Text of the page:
‘Telling Amy’s Story’ Comes to PBS

May 18, 2010 at 2:19 pm 2 comments

About a year ago, those of us who work in development and alumni relations at Penn State had a chance to watch a film about a domestic-violence case here in Centre County that led to tragedy: the wife dead, and the husband charged with murdering her. It was a spellbinding and sobering film, tracing the way the alleged harassment and violence escalated over time, and how the woman’s coworkers in retrospect might have been able to see what was coming. (I think that’s why it was shown to us—to raise our awareness and help us be more alert to the signs whenever a coworker might be at similar risk.)

When the film ended, the room was silent; we all just sat there absorbing what we had seen. And one of my first thoughts was, “Wow, we missed a chance to do a great story for the magazine.” I figured that since the movie was finished and already being used in seminars like the one we had just experienced, we were too late to get anything into The Penn Stater.

Now, more than a year later, I’ve just found out that the film is taking on a new life—and this time, we hope to cover it. Joe Myers ’98, creative director at Penn State Public Broadcasting and the film’s producer/director, apparently has reworked the documentary since last we saw it, and tonight, Telling Amy’s Story has its premiere at the Newseum in Washington, D.C. Starting June 1, it will be seen on many PBS stations nationwide.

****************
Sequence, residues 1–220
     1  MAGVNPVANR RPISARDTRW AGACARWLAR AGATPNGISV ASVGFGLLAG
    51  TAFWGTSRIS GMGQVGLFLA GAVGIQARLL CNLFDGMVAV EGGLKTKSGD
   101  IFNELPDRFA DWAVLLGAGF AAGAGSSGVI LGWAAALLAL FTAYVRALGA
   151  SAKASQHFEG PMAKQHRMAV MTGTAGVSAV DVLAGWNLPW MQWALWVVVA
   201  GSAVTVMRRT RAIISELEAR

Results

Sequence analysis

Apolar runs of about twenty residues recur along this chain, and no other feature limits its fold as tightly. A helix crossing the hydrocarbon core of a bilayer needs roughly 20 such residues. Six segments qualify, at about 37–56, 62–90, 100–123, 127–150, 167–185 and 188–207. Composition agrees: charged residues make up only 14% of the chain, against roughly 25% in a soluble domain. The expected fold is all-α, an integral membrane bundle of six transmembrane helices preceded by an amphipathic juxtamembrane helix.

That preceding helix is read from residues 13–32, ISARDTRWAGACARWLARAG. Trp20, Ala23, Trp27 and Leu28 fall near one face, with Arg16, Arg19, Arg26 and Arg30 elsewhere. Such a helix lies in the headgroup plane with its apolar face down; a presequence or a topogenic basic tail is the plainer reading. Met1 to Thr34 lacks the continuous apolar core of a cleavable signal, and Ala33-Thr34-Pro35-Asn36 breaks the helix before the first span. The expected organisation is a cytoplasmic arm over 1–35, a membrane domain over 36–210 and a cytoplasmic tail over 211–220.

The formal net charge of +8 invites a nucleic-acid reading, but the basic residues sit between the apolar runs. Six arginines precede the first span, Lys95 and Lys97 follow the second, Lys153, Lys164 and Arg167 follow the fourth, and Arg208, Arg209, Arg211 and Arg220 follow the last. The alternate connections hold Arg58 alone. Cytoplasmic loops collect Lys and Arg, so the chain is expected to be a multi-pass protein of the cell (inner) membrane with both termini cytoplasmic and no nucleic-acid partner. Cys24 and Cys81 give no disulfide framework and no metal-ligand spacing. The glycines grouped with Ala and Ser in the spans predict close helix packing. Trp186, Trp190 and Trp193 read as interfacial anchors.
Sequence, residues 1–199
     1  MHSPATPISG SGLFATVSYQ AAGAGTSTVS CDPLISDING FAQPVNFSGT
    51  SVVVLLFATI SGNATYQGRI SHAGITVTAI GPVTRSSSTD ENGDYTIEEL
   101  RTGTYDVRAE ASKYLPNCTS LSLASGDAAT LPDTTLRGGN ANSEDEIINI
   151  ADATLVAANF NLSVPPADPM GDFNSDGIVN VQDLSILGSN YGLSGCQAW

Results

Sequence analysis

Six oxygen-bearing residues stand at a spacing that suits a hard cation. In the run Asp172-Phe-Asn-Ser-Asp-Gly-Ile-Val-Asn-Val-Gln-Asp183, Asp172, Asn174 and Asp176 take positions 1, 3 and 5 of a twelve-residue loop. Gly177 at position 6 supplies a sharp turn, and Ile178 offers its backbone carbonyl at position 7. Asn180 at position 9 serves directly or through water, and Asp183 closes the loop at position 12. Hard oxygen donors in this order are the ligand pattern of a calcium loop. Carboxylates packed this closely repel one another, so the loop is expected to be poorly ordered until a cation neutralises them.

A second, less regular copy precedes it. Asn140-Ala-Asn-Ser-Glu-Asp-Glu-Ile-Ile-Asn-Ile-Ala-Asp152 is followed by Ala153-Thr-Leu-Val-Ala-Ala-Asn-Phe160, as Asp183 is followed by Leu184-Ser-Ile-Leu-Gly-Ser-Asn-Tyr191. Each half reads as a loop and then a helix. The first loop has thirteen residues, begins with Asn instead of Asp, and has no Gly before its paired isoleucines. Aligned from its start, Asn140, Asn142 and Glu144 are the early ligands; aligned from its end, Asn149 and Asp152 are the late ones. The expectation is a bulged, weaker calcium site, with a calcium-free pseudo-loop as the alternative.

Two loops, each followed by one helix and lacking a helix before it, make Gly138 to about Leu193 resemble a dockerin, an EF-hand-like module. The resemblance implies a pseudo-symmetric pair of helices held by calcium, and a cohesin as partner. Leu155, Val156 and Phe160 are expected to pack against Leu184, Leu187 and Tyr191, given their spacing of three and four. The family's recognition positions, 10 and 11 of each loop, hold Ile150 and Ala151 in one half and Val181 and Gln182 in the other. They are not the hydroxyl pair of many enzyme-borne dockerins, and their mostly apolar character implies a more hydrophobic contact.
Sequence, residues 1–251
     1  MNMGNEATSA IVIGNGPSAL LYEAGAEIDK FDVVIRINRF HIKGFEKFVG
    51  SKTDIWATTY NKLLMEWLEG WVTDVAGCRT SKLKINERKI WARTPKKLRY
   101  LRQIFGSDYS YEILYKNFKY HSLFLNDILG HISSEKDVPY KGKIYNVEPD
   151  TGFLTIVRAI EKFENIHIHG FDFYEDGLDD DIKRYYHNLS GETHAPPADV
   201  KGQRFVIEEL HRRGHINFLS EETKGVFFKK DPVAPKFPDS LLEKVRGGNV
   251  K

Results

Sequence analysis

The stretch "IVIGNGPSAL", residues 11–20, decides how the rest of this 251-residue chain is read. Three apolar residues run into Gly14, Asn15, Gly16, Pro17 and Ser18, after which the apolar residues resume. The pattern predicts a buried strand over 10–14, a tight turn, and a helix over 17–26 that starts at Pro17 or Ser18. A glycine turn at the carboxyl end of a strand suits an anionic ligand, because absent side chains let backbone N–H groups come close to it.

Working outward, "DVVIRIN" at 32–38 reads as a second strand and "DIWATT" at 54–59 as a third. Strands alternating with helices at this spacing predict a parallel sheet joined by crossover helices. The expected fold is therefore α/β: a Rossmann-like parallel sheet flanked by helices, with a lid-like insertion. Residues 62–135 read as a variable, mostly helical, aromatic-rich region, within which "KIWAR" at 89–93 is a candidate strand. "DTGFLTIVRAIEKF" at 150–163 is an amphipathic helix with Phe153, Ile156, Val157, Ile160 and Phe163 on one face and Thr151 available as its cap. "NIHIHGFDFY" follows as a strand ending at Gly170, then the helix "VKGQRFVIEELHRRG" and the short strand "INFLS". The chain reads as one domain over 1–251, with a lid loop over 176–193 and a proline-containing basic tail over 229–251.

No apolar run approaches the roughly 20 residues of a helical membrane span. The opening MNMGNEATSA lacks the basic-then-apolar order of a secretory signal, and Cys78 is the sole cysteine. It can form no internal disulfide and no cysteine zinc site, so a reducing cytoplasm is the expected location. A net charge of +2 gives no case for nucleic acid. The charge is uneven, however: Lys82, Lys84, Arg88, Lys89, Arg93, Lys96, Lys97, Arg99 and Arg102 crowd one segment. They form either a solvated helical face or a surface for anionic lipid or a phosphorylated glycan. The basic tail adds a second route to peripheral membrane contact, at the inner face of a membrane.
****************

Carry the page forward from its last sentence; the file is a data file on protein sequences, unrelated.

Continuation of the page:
Telling Amy’s Story now features actress Mariska Hargitay (detective Olivia Benson on NBC’s Law & Order: Special Victims Unit), who not only appears in the film but will speak at the premiere tonight in Washington. Hargitay is founder of the Joyful Heart Foundation, which seeks to “heal, educate, and empower survivors of sexual assault, domestic violence, and child abuse.”

Telling Amy’s Story has an impressive website with a trailer for the documentary as well as resources to help prevent domestic violence; the film also has a Facebook page.

Meanwhile, we’ve assigned a feature story on the film, and the story behind it, to one of our favorite freelance writers. Because of the magazine’s lead time, the soonest it can run is our September-October issue, but we suspect that Telling Amy’s Story will still have legs (as they say) by then. And, needless to say, the problem of domestic violence is not likely to go away anytime soon.

Tina Hay, editor

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2 Comments Add your own

  • 1. Lorraine Mulfinger  |  May 19, 2010 at 8:17 am

    The premier showing of Amy’s Story at the Newseum was quite moving. Mariska Hargitay has become a powerful advocate for preventing domestic violence. I anxiously await the showing on WPSU.

  • 2. Deb  |  June 21, 2010 at 9:36 pm

    I was just spellbound when I was watching this show. This was long past my bedtime, but I couldn’t turn the TV off. This is so sad and it is happening too much in or country. What a powerful and moving story. Thank you for making this documentary.

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